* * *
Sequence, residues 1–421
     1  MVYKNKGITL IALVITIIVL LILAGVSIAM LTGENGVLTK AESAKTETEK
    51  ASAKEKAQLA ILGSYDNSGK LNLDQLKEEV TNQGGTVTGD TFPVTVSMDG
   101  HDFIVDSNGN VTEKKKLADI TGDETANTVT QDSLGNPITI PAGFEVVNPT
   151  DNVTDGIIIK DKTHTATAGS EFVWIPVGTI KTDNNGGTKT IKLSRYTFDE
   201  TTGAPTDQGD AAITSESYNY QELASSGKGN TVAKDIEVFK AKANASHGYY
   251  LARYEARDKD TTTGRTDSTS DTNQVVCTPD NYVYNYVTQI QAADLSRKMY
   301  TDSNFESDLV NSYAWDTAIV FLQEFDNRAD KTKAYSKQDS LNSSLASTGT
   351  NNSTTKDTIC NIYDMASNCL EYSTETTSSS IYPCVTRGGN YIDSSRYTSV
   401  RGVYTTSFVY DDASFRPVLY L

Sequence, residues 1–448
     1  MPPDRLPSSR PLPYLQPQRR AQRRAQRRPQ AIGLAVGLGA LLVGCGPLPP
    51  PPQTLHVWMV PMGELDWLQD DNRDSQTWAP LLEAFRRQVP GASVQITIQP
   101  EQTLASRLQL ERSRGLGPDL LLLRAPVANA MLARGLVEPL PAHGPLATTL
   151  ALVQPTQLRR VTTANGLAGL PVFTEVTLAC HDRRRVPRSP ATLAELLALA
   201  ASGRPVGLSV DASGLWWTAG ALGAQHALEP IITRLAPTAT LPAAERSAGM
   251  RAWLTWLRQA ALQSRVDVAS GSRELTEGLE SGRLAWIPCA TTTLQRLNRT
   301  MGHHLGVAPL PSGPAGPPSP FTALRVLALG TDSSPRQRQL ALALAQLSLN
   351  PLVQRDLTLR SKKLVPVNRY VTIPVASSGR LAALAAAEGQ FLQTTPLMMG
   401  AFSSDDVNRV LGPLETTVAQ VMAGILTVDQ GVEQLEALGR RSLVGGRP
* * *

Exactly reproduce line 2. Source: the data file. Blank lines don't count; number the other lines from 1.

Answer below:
     1  MVYKNKGITL IALVITIIVL LILAGVSIAM LTGENGVLTK AESAKTETEK